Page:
This is an excerpt from EERE Network News, a weekly electronic newsletter.

June 09, 2010

AWEA: U.S. Market for Small Wind Turbines Gained Ground in 2009

The U.S. market for small wind turbines expanded by 15% in 2009 and accounted for about half of the units sold globally, according to the American Wind Energy Association (AWEA). The trade group released its annual Small Wind Turbine Global Market Study on June 8, focusing on wind turbines with rated capacities of 100 kilowatts or less, which are primarily used to power individual homes, farms, and small businesses. The study found that 9,800 small wind turbines were sold in the United States in 2009, representing a total generating capacity of 20.3 megawatts. The economic downturn caused growth to slow in 2009, following a 78% surge in the U.S. market in 2008. According to AWEA, expanded federal tax credits provided by the American Recovery and Reinvestment Act helped keep the small wind turbine market afloat in the United States, despite the economic recession. AWEA estimates that 100,000 small wind turbines are now operating throughout the country, providing about 100 megawatts of generating capacity.

Photo of a small, three-bladed wind turbine on a tall tower. The tip of each blade curves in a clockwise direction.

In 2005, DOE's National Renewable Energy Laboratory tested the SkyStream 3.7 turbine against international standards. The Southwest Windpower product is easily identified by its distinctive curved blades.
Credit: Lee Fingersh, NREL

The United States is also the world's leading manufacturer of small wind turbines, according to AWEA. In 2009, about two-thirds of all small wind systems sold throughout the world were made by U.S. manufacturers. About 250 companies throughout the world manufacture or plan to manufacture small wind turbines, and 95 of them are located in the United States, though most of those are in the start-up phase. The world's 15 leading manufacturers continue to predict exponential sales growth in the U.S. market over the next five years, with projections for achieving more than 1,000 megawatts of installed small wind capacity by 2015. The manufacturers report that the fastest growth was in the Midwest last year, but the largest markets overall are in the Northeast, the upper Midwest, and California. States with strong consumer incentives, robust utility policies, and streamlined permitting processes had the strongest markets. U.S. manufacturers also exported about 36% of their turbines in 2009, up from 28% in 2008. See the AWEA press release and the full report (PDF 4.9 MB). Download Adobe Reader.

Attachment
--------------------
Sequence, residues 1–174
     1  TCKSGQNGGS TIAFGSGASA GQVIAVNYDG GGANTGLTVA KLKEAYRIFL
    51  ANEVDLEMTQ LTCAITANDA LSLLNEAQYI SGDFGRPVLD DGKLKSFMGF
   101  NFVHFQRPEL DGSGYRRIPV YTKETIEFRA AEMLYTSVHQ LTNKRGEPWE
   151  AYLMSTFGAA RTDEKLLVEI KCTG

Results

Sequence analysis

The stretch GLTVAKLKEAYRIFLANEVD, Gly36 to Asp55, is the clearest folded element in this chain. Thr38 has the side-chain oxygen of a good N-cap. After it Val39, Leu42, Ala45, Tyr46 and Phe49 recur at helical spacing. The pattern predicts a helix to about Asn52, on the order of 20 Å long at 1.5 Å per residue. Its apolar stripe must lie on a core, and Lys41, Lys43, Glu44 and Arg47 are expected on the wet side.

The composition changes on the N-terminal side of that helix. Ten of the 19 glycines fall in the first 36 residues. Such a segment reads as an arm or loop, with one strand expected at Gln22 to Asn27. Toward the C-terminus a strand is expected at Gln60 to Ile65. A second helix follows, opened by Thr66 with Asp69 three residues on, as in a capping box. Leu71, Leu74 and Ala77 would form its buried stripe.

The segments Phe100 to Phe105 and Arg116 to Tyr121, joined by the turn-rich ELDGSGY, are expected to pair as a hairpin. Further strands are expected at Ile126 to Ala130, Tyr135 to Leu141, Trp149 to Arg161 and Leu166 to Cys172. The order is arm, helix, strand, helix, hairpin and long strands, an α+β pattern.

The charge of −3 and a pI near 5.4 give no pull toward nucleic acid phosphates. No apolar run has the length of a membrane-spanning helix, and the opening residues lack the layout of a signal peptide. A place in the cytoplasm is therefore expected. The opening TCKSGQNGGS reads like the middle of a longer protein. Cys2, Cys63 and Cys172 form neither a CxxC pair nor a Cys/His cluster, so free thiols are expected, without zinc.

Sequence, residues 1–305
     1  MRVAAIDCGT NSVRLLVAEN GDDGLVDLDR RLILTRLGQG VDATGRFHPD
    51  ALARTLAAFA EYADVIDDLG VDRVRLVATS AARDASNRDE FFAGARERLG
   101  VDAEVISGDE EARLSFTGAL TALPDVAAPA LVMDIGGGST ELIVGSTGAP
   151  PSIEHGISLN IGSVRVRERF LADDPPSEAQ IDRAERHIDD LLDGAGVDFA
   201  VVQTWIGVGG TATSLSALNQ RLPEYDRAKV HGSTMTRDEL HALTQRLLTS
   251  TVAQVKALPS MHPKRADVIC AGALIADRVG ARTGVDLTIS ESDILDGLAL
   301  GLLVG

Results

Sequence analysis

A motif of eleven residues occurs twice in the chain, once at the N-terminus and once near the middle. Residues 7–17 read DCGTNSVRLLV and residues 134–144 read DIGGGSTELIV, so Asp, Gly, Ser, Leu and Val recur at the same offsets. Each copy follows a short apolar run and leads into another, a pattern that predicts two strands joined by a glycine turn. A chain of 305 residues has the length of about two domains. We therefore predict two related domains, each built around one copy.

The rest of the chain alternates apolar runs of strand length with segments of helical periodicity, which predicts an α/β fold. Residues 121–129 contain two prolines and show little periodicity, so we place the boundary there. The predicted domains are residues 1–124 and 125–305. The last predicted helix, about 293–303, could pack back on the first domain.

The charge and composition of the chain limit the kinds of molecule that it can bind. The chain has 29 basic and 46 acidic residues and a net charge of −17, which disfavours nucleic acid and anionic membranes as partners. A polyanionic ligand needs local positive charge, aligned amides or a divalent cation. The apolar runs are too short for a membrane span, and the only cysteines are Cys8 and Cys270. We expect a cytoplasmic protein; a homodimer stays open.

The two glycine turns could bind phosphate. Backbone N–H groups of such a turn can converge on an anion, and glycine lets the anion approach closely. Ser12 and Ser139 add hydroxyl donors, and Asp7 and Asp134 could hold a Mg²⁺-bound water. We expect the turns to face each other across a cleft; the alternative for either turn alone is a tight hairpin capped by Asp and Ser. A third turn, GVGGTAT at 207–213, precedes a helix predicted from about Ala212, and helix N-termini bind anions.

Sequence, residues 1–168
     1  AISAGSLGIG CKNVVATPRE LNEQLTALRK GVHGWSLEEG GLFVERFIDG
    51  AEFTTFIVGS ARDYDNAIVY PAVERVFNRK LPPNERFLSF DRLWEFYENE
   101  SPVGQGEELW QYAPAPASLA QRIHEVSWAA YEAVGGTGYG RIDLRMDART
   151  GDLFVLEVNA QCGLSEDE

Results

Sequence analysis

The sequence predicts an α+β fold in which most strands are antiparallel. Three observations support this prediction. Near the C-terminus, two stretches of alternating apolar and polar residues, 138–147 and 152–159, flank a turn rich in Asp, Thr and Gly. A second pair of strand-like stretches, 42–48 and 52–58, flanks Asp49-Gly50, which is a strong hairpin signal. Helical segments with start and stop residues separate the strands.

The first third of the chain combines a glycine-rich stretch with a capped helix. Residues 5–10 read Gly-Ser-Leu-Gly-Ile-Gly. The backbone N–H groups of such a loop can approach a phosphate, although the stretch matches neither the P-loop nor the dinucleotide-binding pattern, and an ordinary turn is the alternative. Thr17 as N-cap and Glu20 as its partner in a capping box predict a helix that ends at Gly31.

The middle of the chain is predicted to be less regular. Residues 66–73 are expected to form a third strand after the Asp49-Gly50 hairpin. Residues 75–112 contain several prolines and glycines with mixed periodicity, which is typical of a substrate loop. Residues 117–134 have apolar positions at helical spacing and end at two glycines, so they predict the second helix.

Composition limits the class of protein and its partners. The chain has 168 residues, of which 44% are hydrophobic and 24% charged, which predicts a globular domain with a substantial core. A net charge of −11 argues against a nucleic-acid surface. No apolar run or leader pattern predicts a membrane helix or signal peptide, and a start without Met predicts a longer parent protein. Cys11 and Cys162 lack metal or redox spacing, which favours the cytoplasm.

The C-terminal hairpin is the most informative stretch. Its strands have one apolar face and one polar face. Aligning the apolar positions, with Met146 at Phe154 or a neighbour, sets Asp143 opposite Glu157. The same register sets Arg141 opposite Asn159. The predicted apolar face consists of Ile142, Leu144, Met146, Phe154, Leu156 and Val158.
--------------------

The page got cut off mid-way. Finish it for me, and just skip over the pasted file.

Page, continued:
One factor that could help the small wind industry grow is the certification of wind turbines to an industry standard. In December 2009, AWEA adopted a Small Wind Turbine Performance and Safety Standard that spells out requirements for performance, quietness, strength, safety, and durability of small wind turbines. The standard also specifies the reporting and labeling requirements for certifying small wind turbines. In February, the Small Wind Certification Council (SWCC), an independent certification body, began accepting certification applications. The SWCC Web site also lists independent test organizations, including DOE's National Renewable Energy Laboratory (NREL) and four NREL regional test centers. So far, the SWCC lists three manufacturers that intend to submit wind turbines: American Zephyr Corporation; Renewegy, LLC; and Xzeres Wind Corporation. The AWEA market report notes that certification requires an average of 6-12 months of field testing, so the earliest that small turbines might gain certification would be late this year. The AWEA report also notes that the North American Board of Certified Energy Practitioners plans to start certifying installers of small wind turbines this fall. See the AWEA standard (PDF 197 KB) and the SWCC Web site.

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